U.S. backs calls for more AU troops for Somalia
* Security Council to debate issue soon
* U.N. mission struggling to contain insurgency
WASHINGTON Oct 20 (Reuters) - The United States supports proposals to raise more African Union troops for Somalia and the U.N. Security Council will likely debate the matter within 30 days, a senior U.S. diplomat said on Wednesday.
Assistant Secretary of State Johnnie Carson said Uganda and other countries had been pressing to increase 7,200-strong AMISOM mission, which is struggling to stabilize Somalia in the face of an insurgency by the al Qaeda-allied al Shabaab militia.
"In principle we support the increase in the number of troops on the ground, but do not take a position on what that number should be," Carson, Washington's top diplomat for Africa, told an audience at a Washington think tank.
"This issue is likely to be discussed and debated in the U.N. Security Council in the next 30 days," he said.
Ugandan President Yoweri Museveni said this month that the U.N. Security Council was considering more funding for an expanded AU peacekeeping mission, and that Uganda was ready to provide all of the 20,000 soldiers thought necessary to squelch the raging insurgency in the Horn of Africa country.
Uganda provides the bulk of the forces already on the ground, with a lesser number coming from Burundi, and Museveni has been urging greater effort to stabilize the country after al Shabaab claimed responsibility for twin bomb blasts in Uganda in July that killed nearly 80 people.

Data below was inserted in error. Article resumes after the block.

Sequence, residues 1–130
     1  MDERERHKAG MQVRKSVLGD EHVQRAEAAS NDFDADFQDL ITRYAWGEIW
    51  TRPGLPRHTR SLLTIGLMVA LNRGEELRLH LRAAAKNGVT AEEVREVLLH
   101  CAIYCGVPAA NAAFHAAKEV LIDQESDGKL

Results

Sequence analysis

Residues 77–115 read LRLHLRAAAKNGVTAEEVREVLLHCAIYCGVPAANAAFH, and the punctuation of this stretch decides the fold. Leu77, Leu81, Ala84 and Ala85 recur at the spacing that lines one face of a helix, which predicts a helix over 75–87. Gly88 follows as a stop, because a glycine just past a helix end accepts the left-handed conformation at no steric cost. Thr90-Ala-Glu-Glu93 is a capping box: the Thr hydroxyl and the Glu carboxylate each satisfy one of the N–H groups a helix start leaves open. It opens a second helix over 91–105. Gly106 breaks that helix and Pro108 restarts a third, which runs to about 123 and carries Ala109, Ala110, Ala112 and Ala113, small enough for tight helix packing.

The presence of foreign AMISOM troops gives Somali militants a reason to pose as nationalist champions and wins them easy recruits and financial support at home and from Somalis abroad, analysts say.
Carson said the United States would continue to improve ties with Somaliland and Puntland -- two semi-autonomous regions in Somalia that are seen as relatively stable -- while working to buttress the Western-backed Transitional Federal Government, which controls only a part of the capital Mogadishu.
He said the international community, including Arab states, should do more to turn the tide in Somalia, which he described as an increasingly global threat to security and trade as pirates prowl the seas off the Horn of Africa.
Carson said the United States, which has donated $229 million to support the AU peacekeeping effort as well as more than $200 million in unilateral humanitarian and development assistance, would have to remain involved if the threat posed by Somalia's collapse is to be contained.
"It's always nice to have a clear road map to an exit," Carson said, while quickly saying that no such easy answers exist for the situation in Somalia.
"This is going to be a long, sometimes uncertain, difficult process," he said. (Reporting by Andrew Quinn; Editing by Philip Barbara)
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